Thursday, December 11, 2008

The Flat Tax Spreads to the Federation of Bosnia and Herzegovina (FBiH) within Bosnia and Herzegovina (BiH)

By Alvin Rabushka


The Dayton Agreement of 1995 ended the war between Serbs, Muslims, and Croats in what was the former Yugoslav territory of Bosnia and Herzegovina (BiH). Two separate entities were initially established within BiH: the Federation of Bosnia and Herzegovina (FBih), also known as the Bosniak-Croat entity, and Republika Srpska (RS). A third entity was subsequently established, the Brčko District (BD), which is a small community of about 80,000 inhabitants, of whom 40% are Bosniaks (Muslims), 49% Bosnian Serbs, and 11% Bosnian Croats. (According to the Dayton Peace Accords, an arbitration process could only determine the disputed portion of the Inter-Entity Boundary Line.) Brčko continues to be a disputed, multi-ethnic town, subject to its own laws and those of FbiH.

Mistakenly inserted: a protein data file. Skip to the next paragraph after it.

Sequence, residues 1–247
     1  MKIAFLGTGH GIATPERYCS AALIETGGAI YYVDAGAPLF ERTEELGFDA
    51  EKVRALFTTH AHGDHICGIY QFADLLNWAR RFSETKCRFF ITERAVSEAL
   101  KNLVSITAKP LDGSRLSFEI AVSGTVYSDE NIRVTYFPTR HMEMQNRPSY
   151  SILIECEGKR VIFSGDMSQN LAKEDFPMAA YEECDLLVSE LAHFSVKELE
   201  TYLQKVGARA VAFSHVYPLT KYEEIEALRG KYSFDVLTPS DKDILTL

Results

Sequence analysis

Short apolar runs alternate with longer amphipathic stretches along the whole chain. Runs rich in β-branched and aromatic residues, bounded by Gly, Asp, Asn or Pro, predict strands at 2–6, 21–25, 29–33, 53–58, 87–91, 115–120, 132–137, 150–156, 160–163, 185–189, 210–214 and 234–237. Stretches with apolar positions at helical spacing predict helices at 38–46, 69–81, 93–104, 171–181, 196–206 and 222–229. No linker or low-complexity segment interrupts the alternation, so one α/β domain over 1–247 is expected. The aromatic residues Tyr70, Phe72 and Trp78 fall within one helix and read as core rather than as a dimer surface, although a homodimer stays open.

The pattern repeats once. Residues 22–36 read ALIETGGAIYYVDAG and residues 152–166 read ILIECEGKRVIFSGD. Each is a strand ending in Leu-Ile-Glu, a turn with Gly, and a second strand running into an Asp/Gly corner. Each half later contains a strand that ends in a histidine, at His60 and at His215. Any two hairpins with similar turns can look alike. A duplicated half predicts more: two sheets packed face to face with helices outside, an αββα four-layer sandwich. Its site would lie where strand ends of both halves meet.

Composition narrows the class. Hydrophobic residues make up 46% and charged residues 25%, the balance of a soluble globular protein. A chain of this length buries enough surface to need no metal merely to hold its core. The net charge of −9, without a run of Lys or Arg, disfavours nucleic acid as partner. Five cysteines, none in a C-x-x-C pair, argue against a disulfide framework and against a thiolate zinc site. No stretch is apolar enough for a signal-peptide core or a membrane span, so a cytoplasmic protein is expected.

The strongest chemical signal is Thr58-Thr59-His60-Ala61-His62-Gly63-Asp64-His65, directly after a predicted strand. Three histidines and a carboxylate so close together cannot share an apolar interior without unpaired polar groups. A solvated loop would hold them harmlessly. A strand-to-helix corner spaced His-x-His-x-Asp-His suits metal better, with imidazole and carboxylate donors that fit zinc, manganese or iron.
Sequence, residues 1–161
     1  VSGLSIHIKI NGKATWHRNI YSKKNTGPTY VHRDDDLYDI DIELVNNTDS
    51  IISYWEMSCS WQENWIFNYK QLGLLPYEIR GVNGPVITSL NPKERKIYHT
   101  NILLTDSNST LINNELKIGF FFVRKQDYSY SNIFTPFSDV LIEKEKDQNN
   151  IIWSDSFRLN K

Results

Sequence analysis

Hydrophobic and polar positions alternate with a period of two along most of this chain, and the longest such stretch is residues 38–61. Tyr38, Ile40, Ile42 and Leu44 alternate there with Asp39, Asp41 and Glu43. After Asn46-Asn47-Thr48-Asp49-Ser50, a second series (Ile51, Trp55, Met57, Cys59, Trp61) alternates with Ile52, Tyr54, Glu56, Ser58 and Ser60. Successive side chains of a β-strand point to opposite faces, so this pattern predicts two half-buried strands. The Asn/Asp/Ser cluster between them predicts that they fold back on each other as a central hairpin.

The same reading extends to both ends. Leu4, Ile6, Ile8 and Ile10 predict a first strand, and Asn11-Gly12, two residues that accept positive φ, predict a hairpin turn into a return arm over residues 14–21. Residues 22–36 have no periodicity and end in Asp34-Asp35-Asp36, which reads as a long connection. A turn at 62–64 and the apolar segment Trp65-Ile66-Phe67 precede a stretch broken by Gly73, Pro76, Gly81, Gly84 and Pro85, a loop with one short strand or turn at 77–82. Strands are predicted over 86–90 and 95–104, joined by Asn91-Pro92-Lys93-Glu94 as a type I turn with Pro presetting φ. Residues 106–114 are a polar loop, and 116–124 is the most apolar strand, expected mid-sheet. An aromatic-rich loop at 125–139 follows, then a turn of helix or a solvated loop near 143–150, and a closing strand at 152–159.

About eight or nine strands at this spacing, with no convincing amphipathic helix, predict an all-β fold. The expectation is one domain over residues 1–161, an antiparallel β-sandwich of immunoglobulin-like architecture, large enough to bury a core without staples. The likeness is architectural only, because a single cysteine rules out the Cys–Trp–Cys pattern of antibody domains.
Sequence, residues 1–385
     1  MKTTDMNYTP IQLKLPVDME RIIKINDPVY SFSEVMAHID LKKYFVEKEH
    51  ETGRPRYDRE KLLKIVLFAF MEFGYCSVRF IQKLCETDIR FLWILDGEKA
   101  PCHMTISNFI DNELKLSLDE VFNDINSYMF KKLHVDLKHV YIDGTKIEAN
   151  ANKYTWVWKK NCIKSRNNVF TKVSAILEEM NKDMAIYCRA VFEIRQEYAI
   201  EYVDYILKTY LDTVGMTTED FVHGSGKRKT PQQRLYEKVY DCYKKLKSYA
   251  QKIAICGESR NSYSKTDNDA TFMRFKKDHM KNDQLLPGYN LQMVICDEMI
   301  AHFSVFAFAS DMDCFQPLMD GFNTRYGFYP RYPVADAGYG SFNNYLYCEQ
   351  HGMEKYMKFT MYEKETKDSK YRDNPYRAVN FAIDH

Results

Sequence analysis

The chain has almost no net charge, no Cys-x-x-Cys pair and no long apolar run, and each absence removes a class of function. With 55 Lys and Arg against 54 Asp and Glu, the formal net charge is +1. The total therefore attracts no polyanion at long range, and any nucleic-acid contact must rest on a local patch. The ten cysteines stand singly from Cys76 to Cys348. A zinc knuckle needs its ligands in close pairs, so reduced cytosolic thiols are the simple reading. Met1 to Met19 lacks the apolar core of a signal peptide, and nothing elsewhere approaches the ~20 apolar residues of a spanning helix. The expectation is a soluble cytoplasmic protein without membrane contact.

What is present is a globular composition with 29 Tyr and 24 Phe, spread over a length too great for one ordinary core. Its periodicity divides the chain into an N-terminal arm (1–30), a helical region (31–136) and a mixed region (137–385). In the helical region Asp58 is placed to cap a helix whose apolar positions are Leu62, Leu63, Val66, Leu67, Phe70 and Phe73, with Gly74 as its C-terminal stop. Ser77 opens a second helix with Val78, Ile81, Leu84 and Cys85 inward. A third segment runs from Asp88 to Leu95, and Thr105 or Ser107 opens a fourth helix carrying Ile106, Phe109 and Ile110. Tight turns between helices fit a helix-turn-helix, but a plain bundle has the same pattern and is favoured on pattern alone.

Separate tax systems were established in each of the three entities. The BD assembly passed a new law on income tax in the middle of 2003, to take effect at the beginning of 2004. The law eliminated double taxation of interest and dividends, exempted capital gains, and imposed a uniform 10% flat tax on salaries, incomes, and profit of corporations. Each employee receives a personal allowance of BAM 240 and an additional BAM 120 for each dependent per month. ($1 = BAM 1.47 as of December 11, 2008. BAM stands for Convertible Marka.)

The FBiH encompasses 11 Cantons, including Sarajevo. In the second week of 2008, the FBiH House of Representatives adopted a new income tax to take effect on January 1, 2009. The House abandoned the initial idea of a two-rate system of 10% and 15% in favor of a flat rate of 10%. The new law replaces a cantonal based income tax that ranged between 5-30% depending on cantonal regulations and different types of income. A personal allowance exempts the first BAM 3,600 a year from income tax. Additional fractional allowances are permitted for a dependent spouse, dependent children, other dependent immediate family members, and for disability of immediate family members. Dividends, prizes, pensions, and child allowances are exempt.

The income tax in Serb-dominated RS imposes two rates: 10% between taxable income BAM 2,460-25,008 and 15% on taxable income above that.


1 comment:

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